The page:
NEEDED: Audited account of CCJ’s Trust Fund
Business has resumed in the House of Representatives as members return from the Christmas break, and quite predictably, much of the attention was placed on the three Caribbean Court of Justice (CCJ) bills.
The Government is proposing to replace the Judicial Committee of the Privy Council with the CCJ as Jamaica's final court of appeal. The Opposition, however, has insisted that a referendum be held for the people to decide.
Like many Jamaicans, I am not convinced there should be a referendum to decide this matter. Two arguments advanced by the Government have found comfort with me. The first of those arguments is that it is unwise to subject matters of the judiciary to the political hustings. For, given the nature of our politics, irreparable harm may be inflicted on our court system as a result of venomous statements made on political platforms. We have had a history of attacking persons, their families, and talking around issues, and there is nothing that convinces me that we will move away from that anytime soon.
The second argument that convinces me that a referendum is not the way to go is the assertion that it defies logic to have a vote on a matter that is not within Jamaica's powers. The argument, essentially, is that while Jamaica may, in a referendum, vote to retain the Privy Council as its final court of appeal, Britain can at anytime decide to put an end to Jamaica's stay at the court. They could, almost overnight, decide they no longer want to make the Privy Council available to former colonies, which could be a constitutional and legislative nightmare for Jamaica.
But those two arguments are not enough to convince me that the CCJ is the appropriate institution to be the country's final court of appeal. Delroy Chuck, an opposition member of parliament who represents North East St Andrew in the House, raised the issue of the sustainability of the court from a financial point of view.
A trust fund was established by the CARICOM states signing the agreement, who together invested US$100 million into the fund, the income from which would take care of all the expenditures of the court and commission.
Chuck, who for a brief while served as justice minister, noted that the US$100 million was invested in the best blue-chip investments, and argues that it cannot generate the needed income annually to finance the court and still maintain the capital of US$100 million.
"In fact, a few years ago, I understand the fund had depreciated to under US$90 million and declining. The fact of the matter is that similar investments across the world are suffering the same fate. Blue-chip investments cannot earn more than two to three per cent, maximum, annually and that limited income cannot finance the CCJ - to pay the judges and the registry staff, for travelling and housing, and, soon, for pension for retiring judges. We need to know the present status of the fund. If, indeed, the capital is eroding and steadily declining, it won't be long before Caribbean governments are required to fund the court directly or to top up the trust fund," Chuck said.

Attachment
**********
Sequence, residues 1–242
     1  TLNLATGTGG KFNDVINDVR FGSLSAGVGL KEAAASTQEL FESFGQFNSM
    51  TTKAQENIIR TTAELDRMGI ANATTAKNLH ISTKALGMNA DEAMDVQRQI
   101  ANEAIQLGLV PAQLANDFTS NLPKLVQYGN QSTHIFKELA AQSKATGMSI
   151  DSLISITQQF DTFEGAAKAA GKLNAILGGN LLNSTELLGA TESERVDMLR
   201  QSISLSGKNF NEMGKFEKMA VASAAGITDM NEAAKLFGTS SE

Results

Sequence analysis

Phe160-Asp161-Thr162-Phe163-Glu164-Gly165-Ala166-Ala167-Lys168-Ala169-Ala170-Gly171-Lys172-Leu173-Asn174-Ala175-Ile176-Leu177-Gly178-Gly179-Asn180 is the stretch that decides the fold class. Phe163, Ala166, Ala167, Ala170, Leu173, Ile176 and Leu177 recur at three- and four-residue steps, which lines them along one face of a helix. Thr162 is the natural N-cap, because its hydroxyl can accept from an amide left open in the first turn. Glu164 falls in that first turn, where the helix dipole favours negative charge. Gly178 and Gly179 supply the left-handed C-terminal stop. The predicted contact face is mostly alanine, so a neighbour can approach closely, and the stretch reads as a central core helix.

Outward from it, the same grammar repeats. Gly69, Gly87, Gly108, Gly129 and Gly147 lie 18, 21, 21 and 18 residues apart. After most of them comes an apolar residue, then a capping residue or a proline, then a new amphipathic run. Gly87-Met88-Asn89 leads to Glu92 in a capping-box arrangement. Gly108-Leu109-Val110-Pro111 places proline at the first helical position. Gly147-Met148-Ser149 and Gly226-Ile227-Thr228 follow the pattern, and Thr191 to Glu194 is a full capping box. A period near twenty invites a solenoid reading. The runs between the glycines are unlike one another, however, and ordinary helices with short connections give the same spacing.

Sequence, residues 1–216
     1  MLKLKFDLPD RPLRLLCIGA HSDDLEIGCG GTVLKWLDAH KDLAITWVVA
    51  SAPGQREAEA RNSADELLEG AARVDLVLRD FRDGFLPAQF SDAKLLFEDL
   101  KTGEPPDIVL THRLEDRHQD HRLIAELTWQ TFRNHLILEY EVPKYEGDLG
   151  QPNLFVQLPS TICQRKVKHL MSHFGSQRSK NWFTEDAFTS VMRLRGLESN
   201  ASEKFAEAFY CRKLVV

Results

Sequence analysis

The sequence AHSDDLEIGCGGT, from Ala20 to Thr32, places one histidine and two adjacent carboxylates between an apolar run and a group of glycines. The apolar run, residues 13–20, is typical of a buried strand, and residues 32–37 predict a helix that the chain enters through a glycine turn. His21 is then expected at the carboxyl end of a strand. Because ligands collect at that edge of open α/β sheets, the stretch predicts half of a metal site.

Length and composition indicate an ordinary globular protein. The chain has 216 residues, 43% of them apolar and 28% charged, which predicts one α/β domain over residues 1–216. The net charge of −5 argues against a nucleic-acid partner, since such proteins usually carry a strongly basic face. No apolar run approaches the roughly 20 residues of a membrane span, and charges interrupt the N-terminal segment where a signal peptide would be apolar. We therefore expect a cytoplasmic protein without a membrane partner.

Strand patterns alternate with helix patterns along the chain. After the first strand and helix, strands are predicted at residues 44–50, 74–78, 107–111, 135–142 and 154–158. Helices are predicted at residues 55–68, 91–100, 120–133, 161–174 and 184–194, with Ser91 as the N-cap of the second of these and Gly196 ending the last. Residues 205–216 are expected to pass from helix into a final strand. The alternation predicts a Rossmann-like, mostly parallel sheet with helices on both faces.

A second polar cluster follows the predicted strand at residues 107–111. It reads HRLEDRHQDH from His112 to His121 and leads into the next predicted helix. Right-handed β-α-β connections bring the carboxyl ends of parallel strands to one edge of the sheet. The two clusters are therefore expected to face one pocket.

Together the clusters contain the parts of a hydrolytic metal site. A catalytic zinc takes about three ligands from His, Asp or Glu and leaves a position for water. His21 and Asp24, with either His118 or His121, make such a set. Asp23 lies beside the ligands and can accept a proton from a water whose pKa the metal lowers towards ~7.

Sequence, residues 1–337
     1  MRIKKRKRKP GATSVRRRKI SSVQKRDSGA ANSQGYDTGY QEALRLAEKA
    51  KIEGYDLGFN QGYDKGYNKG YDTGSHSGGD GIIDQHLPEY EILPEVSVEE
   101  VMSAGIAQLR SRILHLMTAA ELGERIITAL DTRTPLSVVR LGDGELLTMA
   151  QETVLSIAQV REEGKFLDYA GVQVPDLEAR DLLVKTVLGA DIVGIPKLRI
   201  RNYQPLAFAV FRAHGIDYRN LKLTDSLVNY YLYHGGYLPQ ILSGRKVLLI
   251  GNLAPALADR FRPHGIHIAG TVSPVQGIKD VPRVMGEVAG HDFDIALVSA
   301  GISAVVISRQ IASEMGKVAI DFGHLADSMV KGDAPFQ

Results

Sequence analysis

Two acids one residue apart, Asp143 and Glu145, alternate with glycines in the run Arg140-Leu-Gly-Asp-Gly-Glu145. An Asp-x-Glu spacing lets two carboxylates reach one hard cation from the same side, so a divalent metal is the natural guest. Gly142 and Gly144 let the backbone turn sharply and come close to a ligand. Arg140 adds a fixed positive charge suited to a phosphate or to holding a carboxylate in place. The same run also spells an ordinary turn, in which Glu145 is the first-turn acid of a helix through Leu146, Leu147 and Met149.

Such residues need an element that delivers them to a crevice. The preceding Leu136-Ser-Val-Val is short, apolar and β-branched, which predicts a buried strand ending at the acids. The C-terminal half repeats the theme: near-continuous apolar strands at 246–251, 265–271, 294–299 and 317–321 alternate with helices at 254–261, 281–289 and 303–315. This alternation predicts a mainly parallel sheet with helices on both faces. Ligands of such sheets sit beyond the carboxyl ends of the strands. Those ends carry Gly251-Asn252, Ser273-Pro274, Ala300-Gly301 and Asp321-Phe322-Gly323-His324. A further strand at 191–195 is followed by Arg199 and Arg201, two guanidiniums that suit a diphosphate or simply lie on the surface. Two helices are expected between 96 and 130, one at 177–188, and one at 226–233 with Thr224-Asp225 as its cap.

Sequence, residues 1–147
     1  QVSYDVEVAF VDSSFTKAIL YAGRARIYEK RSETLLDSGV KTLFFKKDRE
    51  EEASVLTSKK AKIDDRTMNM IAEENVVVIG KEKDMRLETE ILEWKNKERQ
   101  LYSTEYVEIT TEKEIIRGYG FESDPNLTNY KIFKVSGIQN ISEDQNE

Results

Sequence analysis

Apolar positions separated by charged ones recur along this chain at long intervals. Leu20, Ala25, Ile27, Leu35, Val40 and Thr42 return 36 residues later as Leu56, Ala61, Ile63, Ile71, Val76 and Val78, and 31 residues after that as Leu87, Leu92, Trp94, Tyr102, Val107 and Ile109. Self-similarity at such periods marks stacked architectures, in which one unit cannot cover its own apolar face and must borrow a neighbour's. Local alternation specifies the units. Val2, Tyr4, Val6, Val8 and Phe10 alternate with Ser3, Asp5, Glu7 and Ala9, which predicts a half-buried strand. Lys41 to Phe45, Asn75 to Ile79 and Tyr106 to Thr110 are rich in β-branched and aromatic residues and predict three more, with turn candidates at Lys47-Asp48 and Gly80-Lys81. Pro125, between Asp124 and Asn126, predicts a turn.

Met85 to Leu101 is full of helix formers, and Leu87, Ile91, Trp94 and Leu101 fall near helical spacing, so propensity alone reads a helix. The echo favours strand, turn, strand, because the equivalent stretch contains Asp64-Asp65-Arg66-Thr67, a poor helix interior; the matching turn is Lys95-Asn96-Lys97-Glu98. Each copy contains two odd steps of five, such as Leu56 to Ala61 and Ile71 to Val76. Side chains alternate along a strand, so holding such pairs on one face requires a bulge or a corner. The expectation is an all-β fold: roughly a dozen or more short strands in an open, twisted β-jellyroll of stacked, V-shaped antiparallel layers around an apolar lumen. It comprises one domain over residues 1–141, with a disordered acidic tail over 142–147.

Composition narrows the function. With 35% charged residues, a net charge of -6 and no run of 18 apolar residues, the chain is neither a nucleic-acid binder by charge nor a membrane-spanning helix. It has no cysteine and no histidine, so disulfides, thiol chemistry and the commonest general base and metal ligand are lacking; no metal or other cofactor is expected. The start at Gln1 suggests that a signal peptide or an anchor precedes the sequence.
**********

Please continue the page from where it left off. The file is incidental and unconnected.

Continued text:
Quite appropriately, Chuck said before the vote on the three bills is taken, the audited account of the trust fund should be presented in this Parliament. That is a call The Gavel supports. One notes, for example, that the latest annual report of the CCJ, which has been posted on the court's website, is for the 2011-2012 year. It means that not even the most updated report of the court's finances is available.
If the Government is to convince more Jamaicans that the CCJ is the best option for Jamaica, Prime Minister Portia Simpson Miller, when she closes the debate, must seek to convince us all about the sustainability of the court. She made the point in the opening that the court will not come at any additional cost to Jamaica, since we have already paid our share towards the trust fund. Indeed, Jamaica contributed US$27 million to the fund to finance the CCJ.
Chuck may have been off the mark when he said that the fund was depreciated below US$90 million. The fact is that the US$100 million was placed in a trust fund from which US$12 million would be used to run the court for its first two years. The remaining US$88 million would be invested, the returns from which would finance the court in perpetuity.
The fund has not been immune to the collapse of global financial markets which took place between 2008 and 2010. Simpson Miller could allay our fears if she causes such report of the fund to be tabled in Parliament.
The last thing we want is for Jamaicans to be called upon to pay another US$27 million because the fund has either been depleted or turns out to be inadequate.